I had a conversation with a 30 something Canadian guy who was running an eco-hostel on the beach. The charge was a ridiculous 75,000 pesos per person to stay there in a strip bare plank board room which offered a sad looking bed and nothing more. I was about to jest about how hostels can charge 4X the going rate for a room just by putting the word “eco” in front of the word “hostel” on their sign, and then offering their guests the barest of services so they think the place is “natural.”
But the manager offered me a lower price — 40,000 per person. This was still way too much for me, but enough to make me keep my jests to myself. I continued talking with the manager about potentially cheaper accommodation options on the beach, when he began talking about how quickly hotels are going up there.
“You may want to check on the places towards the road you walked in on,” he said, “they just sprung up and I don’t know what they’re charging.”
He was talking about two hotels that were quickly growing up out of a shamble of building supplies. Local construction crews were working like ants, building up two plank board and bamboo eco-hostels in what appeared to be “overnight” fashion.
I was looking at the future of Palomino.
The crowds, hotels, hostels, and tour companies are rapidly stretching their tendrils east from Taganga to other far more pristine, less commercially dominated beaches that make up the bulk of the Colombian Caribbean. There are hundreds of miles of coastline between Santa Marta and Venezuela that are just sand, sea, and palm trees: fresh fodder for the impending wave of tourism.
And it is happening right now.
Tourism is a doomsday endeavor that is often fated to eventually eat itself. There is a balance in tourism which sits between places lacking resources for visitors and having too many. Except for the travelers like the hippies who were camping in Palomino in their own beach colony, there needs to be some sort of infrastructure set up in a place if it wants to attract visitors. So investors and/ or locals begin to provide these services to reap the financial reward, and a place grows.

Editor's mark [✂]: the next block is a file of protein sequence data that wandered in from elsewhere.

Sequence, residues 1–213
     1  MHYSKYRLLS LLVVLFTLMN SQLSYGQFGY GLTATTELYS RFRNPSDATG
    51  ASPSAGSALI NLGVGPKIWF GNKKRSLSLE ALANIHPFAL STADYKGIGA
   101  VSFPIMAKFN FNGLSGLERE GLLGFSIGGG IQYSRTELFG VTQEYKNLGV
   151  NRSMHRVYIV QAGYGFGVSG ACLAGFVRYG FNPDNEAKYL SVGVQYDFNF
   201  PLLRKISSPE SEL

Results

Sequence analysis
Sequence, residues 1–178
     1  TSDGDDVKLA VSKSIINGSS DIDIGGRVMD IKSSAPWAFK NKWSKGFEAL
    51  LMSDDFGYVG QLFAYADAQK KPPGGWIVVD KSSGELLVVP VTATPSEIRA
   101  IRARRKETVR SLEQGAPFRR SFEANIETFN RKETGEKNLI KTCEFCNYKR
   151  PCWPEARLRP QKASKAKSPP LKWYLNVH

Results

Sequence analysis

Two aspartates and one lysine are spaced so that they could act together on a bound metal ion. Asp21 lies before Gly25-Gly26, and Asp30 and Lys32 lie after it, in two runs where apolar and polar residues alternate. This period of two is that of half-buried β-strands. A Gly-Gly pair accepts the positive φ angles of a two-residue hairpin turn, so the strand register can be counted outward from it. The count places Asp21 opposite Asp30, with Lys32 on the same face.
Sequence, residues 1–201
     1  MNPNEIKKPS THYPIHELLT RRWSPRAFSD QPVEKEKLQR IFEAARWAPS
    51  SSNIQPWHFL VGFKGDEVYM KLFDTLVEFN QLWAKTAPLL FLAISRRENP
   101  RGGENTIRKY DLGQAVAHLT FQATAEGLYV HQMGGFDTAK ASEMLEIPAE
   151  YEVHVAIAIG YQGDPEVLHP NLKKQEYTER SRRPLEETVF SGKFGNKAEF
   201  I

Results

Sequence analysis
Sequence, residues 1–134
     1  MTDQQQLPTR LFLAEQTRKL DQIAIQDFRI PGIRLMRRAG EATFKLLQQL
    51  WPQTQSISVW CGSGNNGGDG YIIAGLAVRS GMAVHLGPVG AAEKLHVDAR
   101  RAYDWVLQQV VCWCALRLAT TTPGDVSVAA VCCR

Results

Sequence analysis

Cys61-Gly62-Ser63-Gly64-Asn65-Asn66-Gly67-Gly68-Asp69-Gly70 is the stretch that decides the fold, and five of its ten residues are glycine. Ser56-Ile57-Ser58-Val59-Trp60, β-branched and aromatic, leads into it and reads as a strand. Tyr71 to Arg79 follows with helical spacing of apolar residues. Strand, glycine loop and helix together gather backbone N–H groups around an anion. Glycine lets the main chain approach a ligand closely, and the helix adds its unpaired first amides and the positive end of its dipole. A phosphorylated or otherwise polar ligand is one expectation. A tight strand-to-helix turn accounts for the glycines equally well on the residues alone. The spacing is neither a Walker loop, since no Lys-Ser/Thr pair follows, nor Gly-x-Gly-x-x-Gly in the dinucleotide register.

Many tourists want the pristine while also wanting services, amenities, and comfort. This is the great contradiction of tourism, as one desire trumps the other. Too little infrastructure — too much “pristine” — and only the hippies and hard nosed travelers will show up, but too much infrastructure — too many hotels, goods, and services — the the pristine is choked out and gone.
Add a dozen restaurants, a half dozen bars, a night club or two, fifty hotels, a paved road, tourist shops, sunglasses huts, the hair braiding ladies, the coco-loco sellers, the jewelry vendors, the masseuses, the drug dealers, the tour operators, and the prime reason for going to Palomino vanishes — it would be just another Caribbean beach town.
Taganga has already been choked out by its own tourism, and the crowds are trickling over to Palomino. The investors and vendors will follow with “if you build it they will come” initiatives, and the crowds will arrive, and the essence of Palomino will be gone.
And the crowds will then trickle over to . . .
But, for now, Palomino is a truly clutch stop on the traveler’s road through Colombia. I cannot say that I cringe when I watched the new hostels being built on the beach, nor can I say that I despair in the future of this beach that is just becoming a “town.” This is normal, I will not cry preemptive nostalgia for the place. Where there is money to be made there will be people to make it. Palomino has just opened up, there are now enough services to attract visitors, and they are coming. More services will likely be needed in the future.
Travel is not just the pursuit of figuring out how the world works, but accepting it as well. I loved my time in Palomino — swimming, napping, playing with my wife and kid — and this will forever be enough. Everywhere in the world is changing always and forever, some places close down to travelers while new ones open up. There will always be a new horizon. Just take this advice: get to Palomino now.
How to get to Palomino
Palomino sits two hours by bus east from Santa Marta and Taganga on the other side of Parque Tayrona. Buses leave from the market in Santa Marta near Calle 11. The cost is 8,000 pesos, but the conductor can be haggled down to accept 7,000. If you are in another location on the coast east of Santa Marta, just step out on the highway and flag down a bus going in the direction of Palomino. Ask a local or a fellow passenger what the price should be.